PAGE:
Trost, B. M., Fleming, I., Heathcock, C. H., Eds.; Pergamon: New York,
1991; pp. 321-340. (c) Luzzio, F. A. Tetrahedron 2001, 57, 915-945.
could not catalyze the Henry reaction, unlike its efficiency in (9) (a) Sasai, H.; Suzuki, T.; Arai, S.; Arai, T.; Shibasaki, M. J. Am. the enantioselective allylation of ketones (Table 1, entry 1).5a Chem. Soc. 1992, 114, 4418-4420. (b) Sasai, H.; Suzuki, T.; Itoh, N.;
While using the catalysts with Zn(OTf)2, Cu(OTf)2, and Ti- Shibasaki, M. Tetrahedron Lett. 1993, 34, 851-854. (c) Sasai, H.; Suzuki,
T.; Itoh, N.; Tanaka, K.; Date, T.; Okamura, K.; Shibasaki, M. J. Am. Chem. 4 as central metals, the corresponding product 4a could
Soc. 1993, 115, 10372-10373.
not be obtained (Table 1, entries 2-3 and 6). Fortunately, 1a-
(10) (a) Iseki, K.; Oishi, S.; Sasai, H.; Shibasaki, M. Tetrahedron Lett. 2 4H2O and 1a-(CuOTf)2 C7H8 complexes could cata-
1996, 37, 9081-9084. (b) Arai, T.; Yamada, Y. M. A.; Yamamoto, N.;
lyze the Henry reaction, and moderate enantioseletivity (45% Sasai, H.; Shibasaki, M. Chem. Eur. J. 1996, 2, 1368-1372. (c) Saa´, J.
M.; Tur, F.; Gonza´lez, J.; Vega, M.; Tetrahedron: Asymmetry 2006, 17,
99-106. (d) Trost, B. M.; Yeh, V. S. C.; Angew. Chem., Int. Ed. 2002, 41,
5). After screening the steric and electronic effect of N,N′- 861-863. (e) Trost, B. M.; Yeh, V. S. C.; Ito, H.; Bremeyer, N. Org. Lett. dioxides, we found that the reactivity and enantioselectivities 2002, 4, 2621-2623. (f) Zhong, Y. W.; Tian, P.; Lin, G. Q. Tetrahedron:
were closely dependent on both the chiral backbone and the R Asymmetry 2004, 15, 771-776. (g) Gao, J.; Martell, A. E. Org. Biomol.
Chem.
2003, 1, 2801-2806. (h) Palomo, C.; Oiarbide, M.; Laso, A. Angew.
substituents of the amide moiety. The results showed that Chem., Int. Ed. 2005, 44, 3881-3884. (i) Evans, D. A.; Seidel, D.; Rueping,
L-piperidinamide derivative 1d was superior to L-proline-derived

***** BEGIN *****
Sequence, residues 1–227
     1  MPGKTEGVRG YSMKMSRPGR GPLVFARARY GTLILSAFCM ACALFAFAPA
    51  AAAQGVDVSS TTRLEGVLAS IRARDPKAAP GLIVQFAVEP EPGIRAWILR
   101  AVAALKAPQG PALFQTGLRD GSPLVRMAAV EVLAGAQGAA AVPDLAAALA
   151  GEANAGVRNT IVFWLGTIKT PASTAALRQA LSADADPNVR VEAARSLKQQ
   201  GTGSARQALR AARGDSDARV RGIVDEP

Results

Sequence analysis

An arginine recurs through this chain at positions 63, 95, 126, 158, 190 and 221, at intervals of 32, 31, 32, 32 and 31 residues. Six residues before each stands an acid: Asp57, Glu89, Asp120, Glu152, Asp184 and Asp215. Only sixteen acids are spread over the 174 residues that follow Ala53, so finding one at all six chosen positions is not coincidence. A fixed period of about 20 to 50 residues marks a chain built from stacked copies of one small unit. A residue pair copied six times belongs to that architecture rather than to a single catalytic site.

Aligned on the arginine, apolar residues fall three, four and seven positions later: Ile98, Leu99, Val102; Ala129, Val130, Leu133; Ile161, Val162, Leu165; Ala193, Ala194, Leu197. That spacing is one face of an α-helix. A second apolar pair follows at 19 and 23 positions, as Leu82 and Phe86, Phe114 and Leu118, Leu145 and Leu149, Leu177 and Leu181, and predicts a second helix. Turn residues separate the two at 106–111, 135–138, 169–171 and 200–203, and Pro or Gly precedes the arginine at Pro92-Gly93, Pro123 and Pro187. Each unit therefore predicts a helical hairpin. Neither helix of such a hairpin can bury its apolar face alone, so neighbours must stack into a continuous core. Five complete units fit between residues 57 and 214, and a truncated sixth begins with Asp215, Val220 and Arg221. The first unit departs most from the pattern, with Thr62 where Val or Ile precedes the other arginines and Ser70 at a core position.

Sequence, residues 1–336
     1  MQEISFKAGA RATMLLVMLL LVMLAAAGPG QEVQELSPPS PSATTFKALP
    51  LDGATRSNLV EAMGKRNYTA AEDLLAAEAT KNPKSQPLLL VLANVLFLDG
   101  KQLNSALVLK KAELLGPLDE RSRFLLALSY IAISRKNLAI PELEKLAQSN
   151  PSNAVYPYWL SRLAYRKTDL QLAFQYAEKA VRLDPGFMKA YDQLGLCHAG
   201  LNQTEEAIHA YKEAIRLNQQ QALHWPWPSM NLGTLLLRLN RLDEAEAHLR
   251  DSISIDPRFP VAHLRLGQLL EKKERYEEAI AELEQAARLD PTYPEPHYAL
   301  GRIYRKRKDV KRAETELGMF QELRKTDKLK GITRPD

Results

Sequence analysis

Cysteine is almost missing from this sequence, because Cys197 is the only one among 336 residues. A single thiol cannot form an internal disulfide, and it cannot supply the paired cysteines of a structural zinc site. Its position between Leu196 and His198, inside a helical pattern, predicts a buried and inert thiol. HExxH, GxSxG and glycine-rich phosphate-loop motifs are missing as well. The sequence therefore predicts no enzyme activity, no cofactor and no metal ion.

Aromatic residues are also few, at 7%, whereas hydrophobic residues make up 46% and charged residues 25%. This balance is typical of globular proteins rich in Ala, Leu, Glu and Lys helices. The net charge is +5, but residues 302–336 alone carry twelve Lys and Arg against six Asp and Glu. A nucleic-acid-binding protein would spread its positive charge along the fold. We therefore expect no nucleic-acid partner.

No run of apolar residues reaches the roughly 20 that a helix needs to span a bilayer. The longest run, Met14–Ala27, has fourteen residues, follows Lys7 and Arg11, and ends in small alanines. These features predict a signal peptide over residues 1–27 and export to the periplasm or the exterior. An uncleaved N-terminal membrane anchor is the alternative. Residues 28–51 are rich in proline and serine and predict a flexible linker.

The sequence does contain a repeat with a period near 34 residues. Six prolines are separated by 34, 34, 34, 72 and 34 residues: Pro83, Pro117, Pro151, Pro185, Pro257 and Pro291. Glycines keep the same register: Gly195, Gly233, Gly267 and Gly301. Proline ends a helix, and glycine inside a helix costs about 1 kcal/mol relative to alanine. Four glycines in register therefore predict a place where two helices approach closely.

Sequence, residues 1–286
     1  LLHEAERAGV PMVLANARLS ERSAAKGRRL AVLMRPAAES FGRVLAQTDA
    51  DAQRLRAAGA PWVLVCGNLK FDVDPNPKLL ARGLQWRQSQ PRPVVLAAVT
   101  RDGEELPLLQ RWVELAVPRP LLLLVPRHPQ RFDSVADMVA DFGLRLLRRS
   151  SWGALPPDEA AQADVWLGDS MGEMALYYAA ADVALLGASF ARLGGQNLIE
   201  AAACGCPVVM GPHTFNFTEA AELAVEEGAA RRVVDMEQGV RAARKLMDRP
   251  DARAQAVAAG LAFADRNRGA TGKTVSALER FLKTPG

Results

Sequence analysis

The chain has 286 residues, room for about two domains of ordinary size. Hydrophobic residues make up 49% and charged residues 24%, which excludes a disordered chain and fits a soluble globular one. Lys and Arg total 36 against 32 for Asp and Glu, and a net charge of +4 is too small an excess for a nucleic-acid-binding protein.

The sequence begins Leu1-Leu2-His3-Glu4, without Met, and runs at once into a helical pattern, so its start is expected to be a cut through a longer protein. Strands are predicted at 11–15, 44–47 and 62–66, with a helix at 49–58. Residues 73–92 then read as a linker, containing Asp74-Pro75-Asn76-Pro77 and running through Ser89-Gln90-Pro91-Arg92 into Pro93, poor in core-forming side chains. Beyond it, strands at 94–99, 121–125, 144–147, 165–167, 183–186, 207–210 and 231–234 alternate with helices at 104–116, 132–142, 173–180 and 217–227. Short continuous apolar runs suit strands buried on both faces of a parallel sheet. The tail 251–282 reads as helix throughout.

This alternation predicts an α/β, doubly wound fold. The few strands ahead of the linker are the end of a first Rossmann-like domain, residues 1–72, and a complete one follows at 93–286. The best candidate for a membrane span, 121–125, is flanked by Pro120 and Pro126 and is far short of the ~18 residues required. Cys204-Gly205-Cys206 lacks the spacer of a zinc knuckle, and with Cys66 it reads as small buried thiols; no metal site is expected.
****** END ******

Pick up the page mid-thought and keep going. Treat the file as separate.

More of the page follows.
M.; Lam, H. W.; Shaw, J. T.; Downey, C. W. J. Am. Chem. Soc. 2003,
1f in both the yield and ee value (Table 1, entry 9 vs 11). Poor
125, 12692-12693. (j) Du, D. M.; Lu, S. F.; Fang, T.; Xu, J. J. Org. Chem.
2005, 70, 3712-3715. (k) Gan, C.; Lai, G.; Zhang, Z.; Wang, Z.; Zhou,
results were obtained using the bulkier 2,6-diisopropylphenyl M. M. Tetrahedron: Asymmetry 2006, 17, 725-728. (l) Blay, G.; Climent,
(Table 1, entry 7). When the amide R was tert-butyl or (S)- E.; Ferna´ndez, I.; Herna´ndez-Olmos, V.; Pedro, J. R. Tetrahedron:
Asymmetry
2006, 17, 2046-2049. (m) Maheswaran, H.; Prasanth, K. L.;
Krishna, G. G.; Ravikumar, K.; Sridhar, B.; Kantam, M. L. Chem. Commun.
(12) (a) Chinchilla, R.; Na´jera, C.; Sa´nchez-Agullo´, P. Tetrahedron: 2006, 4066-4068. (n) Arai, T.; Watanabe, M.; Fujiwara, A.; Yokoyama,
Asymmetry 1994, 5, 1393-1402. (b) Allingham, M. T.; Howard-Jones, A.;
N.; Yanagisawa, A. Angew. Chem., Int. Ed. 2006, 45, 5978-5981. (o) Ma,
Murphy, P. J.; Thomas, D. A.; Caulkett, P.W. R. Tetrahedron Lett. 2003,
K.; You, J. Chem. Eur. J. 2007, 13, 1863-1871. (p) Xiong, Y.; Wang, F.;
44, 8677-8680. (c) Sohtome, Y.; Hashimoto, Y.; Nagasawa, K. AdV. Synth. Huang, X.; Wen, Y. H.; Feng, X. M. Chem. Eur. J. 2007, 13, 829-833.
Catal. 2005, 347, 1643-1648. (d) Sohtome, Y.; Hashimoto, Y.; Nagasawa,
(q) Lu, S.-F; Du, D.-M; Zhang, S.-W; Xu, J. Tetrahedron: Asymmetry 2004,
K. Eur. J. Org. Chem. 2006, 2894-2897. (e) Marcelli, T.; van der Haas,